A stationary field mask 180 (FIG. 12) interposed between the strip lens and the photoconductive drum or plate 20 permits center-to-center (measured circumferentially) compression of characters on a character mask 181 resulting in optimization of the required rotational velocity of the character mask and the required optical magnification from the character mask to the photoconductive drum 20. The field mask comprises an opaque portion 182 and a plurality of clear portions or windows 185, one such clear portion for each character. Each group of four windows forms a stepped pattern which in combination with the slits 102 serves a purpose which will be discussed hereinafter.

FIG. [3 illustrate the time sequence of the characters A and Z on the outside of the character mask 181 at the time of their projection. By way of example, these two characters are intended to represent the first and last characters of each column or character set. One group of four columns is taken as representative of the entire character mask. It follows from a study of FIG. 13 that the stationary field mask illustrated in FIGS. 12 and 14 in no way inhibits the projection of any of the characters shown in FIG. 13. It is noted that the vertical height of the transparent portions 184 is 25 percent larger than one character space.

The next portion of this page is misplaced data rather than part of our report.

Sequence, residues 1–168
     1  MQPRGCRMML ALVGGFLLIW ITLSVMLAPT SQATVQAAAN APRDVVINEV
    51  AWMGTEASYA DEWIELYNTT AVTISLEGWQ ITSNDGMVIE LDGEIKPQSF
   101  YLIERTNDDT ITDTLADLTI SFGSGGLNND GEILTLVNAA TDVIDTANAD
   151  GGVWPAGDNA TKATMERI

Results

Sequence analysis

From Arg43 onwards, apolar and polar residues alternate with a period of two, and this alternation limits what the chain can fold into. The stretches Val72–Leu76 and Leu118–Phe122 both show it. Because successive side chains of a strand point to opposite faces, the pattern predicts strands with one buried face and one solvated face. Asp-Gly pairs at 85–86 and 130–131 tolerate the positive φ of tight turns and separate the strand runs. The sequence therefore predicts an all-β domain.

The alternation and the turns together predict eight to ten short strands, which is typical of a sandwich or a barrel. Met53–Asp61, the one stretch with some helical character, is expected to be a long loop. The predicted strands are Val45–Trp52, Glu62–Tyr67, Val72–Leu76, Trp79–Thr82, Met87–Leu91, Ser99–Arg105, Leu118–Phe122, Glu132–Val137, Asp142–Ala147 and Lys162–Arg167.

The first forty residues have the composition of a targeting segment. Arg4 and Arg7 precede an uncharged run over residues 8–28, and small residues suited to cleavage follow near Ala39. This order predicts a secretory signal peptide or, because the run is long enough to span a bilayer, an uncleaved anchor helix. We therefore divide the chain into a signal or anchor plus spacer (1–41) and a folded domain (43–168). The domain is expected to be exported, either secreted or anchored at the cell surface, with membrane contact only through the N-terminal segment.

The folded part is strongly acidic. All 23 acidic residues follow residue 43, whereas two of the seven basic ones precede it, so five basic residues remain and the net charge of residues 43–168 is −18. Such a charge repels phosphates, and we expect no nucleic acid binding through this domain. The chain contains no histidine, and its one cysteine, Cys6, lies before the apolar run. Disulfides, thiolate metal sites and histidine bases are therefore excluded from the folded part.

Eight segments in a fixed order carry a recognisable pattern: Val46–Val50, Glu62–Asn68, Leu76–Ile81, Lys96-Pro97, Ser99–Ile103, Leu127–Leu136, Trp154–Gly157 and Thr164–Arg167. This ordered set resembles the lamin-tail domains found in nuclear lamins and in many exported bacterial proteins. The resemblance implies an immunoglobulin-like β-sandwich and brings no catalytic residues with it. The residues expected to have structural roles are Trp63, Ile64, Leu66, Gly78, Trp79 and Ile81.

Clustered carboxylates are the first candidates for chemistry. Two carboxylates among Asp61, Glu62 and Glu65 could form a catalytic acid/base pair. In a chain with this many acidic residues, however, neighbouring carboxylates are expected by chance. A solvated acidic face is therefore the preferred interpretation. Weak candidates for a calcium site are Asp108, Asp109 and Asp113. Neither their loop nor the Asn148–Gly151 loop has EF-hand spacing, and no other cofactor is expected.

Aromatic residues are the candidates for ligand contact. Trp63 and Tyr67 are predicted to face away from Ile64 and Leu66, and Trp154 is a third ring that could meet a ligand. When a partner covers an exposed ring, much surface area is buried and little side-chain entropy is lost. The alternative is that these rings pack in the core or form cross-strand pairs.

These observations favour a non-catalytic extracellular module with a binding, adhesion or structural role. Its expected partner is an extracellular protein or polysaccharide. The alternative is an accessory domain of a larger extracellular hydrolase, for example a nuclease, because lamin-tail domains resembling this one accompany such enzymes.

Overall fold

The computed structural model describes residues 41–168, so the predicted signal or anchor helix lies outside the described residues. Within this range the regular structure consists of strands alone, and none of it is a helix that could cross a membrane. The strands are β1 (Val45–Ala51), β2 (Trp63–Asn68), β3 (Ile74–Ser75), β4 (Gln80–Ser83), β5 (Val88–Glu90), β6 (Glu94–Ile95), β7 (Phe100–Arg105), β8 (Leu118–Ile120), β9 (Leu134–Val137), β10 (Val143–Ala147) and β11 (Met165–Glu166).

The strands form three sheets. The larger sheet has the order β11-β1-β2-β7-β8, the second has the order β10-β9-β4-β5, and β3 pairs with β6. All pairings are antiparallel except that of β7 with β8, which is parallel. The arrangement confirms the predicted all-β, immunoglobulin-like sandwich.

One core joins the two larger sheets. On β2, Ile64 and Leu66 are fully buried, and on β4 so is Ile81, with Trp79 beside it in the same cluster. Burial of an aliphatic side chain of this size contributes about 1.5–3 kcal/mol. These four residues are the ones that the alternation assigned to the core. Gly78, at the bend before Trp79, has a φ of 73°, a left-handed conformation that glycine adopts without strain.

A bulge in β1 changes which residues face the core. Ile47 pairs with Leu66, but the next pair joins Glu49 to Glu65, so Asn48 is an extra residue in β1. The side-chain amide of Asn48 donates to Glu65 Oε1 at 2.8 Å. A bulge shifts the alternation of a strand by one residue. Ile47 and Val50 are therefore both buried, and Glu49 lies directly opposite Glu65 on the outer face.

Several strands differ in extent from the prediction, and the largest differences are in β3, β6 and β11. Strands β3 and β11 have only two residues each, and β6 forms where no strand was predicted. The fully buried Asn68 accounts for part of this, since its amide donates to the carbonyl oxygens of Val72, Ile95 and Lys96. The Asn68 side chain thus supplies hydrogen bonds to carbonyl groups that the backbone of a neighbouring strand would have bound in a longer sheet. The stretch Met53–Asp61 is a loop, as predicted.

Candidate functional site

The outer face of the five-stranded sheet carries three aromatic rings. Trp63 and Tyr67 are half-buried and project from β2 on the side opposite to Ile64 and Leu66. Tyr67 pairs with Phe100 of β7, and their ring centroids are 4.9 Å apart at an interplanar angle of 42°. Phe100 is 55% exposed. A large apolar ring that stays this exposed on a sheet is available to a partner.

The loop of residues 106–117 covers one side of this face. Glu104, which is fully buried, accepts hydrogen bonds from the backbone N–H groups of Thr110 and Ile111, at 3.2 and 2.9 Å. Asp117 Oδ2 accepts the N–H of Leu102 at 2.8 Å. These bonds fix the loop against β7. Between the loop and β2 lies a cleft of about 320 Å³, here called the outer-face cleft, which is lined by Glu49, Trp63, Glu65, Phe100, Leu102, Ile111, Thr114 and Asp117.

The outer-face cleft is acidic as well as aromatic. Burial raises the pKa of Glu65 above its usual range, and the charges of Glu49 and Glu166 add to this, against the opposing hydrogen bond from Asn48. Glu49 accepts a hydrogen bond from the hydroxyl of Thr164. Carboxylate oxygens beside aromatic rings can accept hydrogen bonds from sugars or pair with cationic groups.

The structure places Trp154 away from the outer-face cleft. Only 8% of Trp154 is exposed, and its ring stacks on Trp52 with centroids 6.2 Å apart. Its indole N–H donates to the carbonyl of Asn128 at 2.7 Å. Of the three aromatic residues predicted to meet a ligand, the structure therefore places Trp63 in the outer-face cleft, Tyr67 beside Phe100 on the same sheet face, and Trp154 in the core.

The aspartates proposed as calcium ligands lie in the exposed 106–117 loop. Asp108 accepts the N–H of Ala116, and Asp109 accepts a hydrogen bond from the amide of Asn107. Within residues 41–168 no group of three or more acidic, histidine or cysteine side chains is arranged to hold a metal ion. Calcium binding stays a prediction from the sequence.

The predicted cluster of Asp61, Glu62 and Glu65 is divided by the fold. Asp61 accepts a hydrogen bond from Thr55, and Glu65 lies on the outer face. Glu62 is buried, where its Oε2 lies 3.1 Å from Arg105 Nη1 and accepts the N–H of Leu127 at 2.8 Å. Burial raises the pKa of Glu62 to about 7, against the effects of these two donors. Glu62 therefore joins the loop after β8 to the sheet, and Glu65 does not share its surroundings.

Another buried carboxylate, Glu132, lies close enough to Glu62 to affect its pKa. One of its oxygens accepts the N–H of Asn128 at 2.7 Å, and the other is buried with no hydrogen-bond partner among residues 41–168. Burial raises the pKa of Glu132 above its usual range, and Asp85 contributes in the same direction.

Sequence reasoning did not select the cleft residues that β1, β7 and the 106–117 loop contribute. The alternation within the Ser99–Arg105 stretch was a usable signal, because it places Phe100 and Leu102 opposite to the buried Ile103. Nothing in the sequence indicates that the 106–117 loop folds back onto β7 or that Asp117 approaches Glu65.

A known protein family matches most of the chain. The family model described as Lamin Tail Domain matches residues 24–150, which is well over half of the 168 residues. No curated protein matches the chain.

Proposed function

FIG. 14 illustrates that if the characters within a character set or column are separated by one quarter of a character space, and the mask is employed, one and only one character from a particular column is projected at a given time. The stepped portions are repetitive for each group of drum diameter and angular velocity to remain the same while increasing the size of the characters on the character drum and hence reduce the required optical magnification of the characters. Also, the resulting system has advantageous tolerancing effects as will be appreciated by those skilled in the art.